Reinsch said state action – more than a dozen state governments are mandating public pension fund divestment out of Iran – is unconstitutional, pointing to a 2000 Supreme Court ruling that found a Massachusetts law prohibiting procurement contracts to firms operating in Burma violated constitutional law, that only the federal government can conduct foreign policy.

Frank said the bill countered industry group concerns by explicitly outlining federal foreign policy on Iran, and empowering the states to act, should they choose.

“This bill doesn’t mandate that anybody does anything. It recognises the right for state governments and private citizens to act,” he said. “All it does is allow Americans to put conditions on their money,” he said.

The industry groups said in a recent letter to lawmakers that “extraterritorial extension of sanctions will re-ignite economic, diplomatic and legal conflicts with our allies that will frustrate rather than promote multilateral action against Iran.”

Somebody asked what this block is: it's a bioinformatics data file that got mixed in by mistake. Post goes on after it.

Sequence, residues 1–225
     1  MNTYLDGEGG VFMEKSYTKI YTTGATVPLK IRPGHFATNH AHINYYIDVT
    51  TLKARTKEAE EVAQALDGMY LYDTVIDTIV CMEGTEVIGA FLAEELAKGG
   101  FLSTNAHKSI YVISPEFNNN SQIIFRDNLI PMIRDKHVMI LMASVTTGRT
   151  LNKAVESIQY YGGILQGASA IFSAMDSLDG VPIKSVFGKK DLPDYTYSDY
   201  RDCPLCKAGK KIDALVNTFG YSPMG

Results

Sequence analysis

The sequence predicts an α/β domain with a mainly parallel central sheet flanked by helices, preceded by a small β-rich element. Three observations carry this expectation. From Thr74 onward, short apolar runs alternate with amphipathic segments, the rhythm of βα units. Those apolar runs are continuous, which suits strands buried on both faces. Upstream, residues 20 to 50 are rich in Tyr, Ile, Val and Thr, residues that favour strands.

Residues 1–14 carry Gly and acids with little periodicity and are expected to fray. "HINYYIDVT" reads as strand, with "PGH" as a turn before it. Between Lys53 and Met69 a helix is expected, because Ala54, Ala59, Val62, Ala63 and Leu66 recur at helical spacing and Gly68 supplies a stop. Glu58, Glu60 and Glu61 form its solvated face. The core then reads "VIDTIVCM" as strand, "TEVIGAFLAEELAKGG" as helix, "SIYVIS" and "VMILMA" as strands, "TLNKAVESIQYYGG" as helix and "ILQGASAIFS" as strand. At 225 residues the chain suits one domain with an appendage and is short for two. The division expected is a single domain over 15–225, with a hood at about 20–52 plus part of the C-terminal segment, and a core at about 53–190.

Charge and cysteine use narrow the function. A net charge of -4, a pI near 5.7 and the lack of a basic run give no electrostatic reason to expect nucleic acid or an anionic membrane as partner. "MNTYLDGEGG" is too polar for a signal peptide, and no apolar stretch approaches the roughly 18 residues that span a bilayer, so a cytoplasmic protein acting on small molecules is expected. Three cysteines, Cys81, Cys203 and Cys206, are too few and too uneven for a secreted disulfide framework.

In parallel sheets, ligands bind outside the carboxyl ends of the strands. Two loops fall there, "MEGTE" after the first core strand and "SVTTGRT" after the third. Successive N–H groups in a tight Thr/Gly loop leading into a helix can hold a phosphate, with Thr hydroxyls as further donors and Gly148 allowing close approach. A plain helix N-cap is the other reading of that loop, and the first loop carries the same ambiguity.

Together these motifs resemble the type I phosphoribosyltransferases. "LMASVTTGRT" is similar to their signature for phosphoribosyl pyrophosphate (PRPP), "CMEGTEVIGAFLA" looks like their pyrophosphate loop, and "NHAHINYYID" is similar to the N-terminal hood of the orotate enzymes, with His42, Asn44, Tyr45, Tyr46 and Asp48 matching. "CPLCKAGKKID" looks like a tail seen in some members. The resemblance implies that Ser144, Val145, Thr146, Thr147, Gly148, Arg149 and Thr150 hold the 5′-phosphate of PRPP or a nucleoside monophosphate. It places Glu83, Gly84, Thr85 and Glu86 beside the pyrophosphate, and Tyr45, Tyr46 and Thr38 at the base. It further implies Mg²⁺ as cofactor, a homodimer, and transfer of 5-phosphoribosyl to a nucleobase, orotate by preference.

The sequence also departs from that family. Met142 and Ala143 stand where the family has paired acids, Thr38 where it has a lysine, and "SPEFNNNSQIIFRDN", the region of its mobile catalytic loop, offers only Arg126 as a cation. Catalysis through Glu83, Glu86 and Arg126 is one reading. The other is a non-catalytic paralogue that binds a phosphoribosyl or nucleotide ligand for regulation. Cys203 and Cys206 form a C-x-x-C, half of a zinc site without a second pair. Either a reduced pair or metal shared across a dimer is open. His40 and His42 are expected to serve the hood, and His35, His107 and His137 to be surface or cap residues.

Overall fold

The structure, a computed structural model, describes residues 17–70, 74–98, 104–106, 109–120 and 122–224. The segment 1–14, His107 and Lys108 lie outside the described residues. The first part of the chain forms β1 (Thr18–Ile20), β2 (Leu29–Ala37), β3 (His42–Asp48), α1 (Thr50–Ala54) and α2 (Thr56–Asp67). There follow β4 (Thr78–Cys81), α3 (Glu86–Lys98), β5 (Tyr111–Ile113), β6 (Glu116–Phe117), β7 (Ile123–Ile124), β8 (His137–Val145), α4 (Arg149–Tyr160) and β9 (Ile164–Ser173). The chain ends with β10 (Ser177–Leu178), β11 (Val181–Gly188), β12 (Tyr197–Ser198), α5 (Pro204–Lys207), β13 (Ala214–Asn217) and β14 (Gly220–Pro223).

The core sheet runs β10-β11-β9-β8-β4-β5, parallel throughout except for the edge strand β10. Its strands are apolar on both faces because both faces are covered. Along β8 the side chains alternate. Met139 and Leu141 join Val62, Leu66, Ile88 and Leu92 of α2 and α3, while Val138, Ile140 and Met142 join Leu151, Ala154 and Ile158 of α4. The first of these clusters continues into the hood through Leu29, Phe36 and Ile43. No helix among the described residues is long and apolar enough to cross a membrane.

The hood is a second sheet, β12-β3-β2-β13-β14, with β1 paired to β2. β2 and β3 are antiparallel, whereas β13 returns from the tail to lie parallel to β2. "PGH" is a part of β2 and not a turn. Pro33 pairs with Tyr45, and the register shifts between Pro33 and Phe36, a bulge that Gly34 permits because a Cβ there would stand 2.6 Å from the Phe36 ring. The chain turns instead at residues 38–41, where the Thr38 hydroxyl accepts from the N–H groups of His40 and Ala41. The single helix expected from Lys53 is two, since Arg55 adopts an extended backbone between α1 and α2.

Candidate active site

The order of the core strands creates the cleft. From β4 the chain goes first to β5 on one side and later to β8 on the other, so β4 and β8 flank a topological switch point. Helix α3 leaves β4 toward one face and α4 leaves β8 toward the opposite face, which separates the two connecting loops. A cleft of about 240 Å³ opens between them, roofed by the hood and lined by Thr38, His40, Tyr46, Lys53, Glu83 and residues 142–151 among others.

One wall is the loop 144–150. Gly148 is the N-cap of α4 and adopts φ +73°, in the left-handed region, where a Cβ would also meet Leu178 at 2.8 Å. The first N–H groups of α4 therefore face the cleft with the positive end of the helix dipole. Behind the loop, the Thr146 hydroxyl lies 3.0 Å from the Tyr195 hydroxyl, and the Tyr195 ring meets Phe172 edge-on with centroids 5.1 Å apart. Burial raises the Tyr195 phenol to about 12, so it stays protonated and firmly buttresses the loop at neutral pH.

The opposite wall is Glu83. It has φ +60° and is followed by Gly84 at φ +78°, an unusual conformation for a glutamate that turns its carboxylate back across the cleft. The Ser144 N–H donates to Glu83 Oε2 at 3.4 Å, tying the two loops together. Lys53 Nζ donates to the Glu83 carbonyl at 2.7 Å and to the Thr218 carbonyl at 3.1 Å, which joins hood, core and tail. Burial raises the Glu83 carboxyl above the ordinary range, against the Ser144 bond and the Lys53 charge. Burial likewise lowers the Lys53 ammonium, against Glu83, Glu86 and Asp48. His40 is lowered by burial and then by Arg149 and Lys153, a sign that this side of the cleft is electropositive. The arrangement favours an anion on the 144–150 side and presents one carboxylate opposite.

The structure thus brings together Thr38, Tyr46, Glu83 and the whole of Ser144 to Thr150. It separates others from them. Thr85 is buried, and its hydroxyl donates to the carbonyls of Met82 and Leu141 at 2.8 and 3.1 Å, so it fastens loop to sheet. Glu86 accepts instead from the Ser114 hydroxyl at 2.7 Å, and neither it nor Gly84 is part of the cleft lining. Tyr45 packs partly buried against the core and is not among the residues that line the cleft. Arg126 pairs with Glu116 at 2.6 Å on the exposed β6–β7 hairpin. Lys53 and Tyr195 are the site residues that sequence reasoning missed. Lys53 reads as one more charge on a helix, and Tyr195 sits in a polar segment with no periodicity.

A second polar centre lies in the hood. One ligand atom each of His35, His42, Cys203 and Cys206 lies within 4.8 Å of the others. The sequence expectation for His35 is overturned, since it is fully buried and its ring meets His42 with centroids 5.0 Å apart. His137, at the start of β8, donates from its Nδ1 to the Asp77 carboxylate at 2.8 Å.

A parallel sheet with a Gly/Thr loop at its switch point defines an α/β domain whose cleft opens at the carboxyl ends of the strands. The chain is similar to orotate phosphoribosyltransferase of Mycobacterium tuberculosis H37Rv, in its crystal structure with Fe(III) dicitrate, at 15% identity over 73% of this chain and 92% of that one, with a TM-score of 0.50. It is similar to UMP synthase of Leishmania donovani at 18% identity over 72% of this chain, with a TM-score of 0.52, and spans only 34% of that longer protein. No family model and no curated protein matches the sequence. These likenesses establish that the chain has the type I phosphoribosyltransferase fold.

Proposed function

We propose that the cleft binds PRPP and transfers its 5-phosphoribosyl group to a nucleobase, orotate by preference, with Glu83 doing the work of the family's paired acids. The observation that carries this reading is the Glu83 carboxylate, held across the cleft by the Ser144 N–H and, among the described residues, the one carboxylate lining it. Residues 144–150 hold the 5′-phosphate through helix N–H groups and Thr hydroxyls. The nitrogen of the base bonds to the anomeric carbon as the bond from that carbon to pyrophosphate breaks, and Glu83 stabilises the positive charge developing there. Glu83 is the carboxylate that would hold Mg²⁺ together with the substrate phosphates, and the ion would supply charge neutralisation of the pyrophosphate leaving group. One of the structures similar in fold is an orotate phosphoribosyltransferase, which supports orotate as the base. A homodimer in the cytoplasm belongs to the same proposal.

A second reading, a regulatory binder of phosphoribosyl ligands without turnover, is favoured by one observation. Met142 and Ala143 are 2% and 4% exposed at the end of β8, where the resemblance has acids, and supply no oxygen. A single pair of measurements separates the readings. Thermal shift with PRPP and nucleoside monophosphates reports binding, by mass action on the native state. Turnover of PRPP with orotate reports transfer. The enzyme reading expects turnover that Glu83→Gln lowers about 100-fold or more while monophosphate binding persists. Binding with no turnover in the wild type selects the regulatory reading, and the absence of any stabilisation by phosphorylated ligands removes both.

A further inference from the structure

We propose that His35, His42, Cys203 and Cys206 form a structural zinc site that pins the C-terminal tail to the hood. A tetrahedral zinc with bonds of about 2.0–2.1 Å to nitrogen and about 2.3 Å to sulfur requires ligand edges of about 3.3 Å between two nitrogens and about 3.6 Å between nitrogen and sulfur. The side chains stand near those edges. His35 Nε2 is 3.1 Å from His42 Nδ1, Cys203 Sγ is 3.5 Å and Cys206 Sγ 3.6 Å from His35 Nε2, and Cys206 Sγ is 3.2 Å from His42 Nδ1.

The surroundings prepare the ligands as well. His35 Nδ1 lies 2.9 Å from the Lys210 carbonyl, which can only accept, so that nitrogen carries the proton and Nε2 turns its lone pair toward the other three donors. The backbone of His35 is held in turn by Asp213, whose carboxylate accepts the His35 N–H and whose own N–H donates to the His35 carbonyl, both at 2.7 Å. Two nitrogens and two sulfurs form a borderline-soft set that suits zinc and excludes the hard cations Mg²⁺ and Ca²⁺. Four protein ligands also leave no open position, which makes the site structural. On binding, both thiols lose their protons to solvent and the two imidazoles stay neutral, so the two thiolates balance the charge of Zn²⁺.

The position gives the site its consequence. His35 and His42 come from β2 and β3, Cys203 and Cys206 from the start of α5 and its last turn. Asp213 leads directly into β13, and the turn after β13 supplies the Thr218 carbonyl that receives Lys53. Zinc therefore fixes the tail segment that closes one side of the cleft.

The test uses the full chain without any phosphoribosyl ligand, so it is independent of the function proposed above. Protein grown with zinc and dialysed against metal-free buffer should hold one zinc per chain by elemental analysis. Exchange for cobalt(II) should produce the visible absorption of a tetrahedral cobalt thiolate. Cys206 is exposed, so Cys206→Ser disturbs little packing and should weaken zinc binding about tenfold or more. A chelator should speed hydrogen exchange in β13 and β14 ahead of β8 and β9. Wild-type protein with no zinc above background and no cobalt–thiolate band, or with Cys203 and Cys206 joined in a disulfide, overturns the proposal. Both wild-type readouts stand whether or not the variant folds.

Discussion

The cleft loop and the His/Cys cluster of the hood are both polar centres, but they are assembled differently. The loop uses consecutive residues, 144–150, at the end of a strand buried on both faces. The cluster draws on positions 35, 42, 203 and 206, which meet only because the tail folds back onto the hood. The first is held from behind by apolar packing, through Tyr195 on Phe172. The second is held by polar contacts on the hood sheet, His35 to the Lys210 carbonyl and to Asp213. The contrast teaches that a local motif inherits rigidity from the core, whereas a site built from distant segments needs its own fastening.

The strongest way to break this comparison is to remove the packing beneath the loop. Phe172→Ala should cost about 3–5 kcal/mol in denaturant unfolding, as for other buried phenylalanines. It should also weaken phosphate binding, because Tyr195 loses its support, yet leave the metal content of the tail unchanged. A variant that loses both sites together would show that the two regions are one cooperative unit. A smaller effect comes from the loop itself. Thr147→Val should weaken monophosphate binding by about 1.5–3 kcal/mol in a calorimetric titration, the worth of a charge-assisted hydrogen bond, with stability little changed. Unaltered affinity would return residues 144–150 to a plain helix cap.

“The history of similar efforts demonstrates clearly that such a unilateral effort will provoke a negative response from our allies that will divert attention from developing an effective economic and diplomatic multilateral response to Iran,” they said.

The legislation is only one of several bills the House and Senate are pushing forward to target Iran through the companies that invest in the country.

A Foreign Affairs Committee aide said that legislation that would close a loophole that allows foreign subsidiaries of US companies to invest more than $20mn in Iran could be introduced on the floor of the House as soon as next month.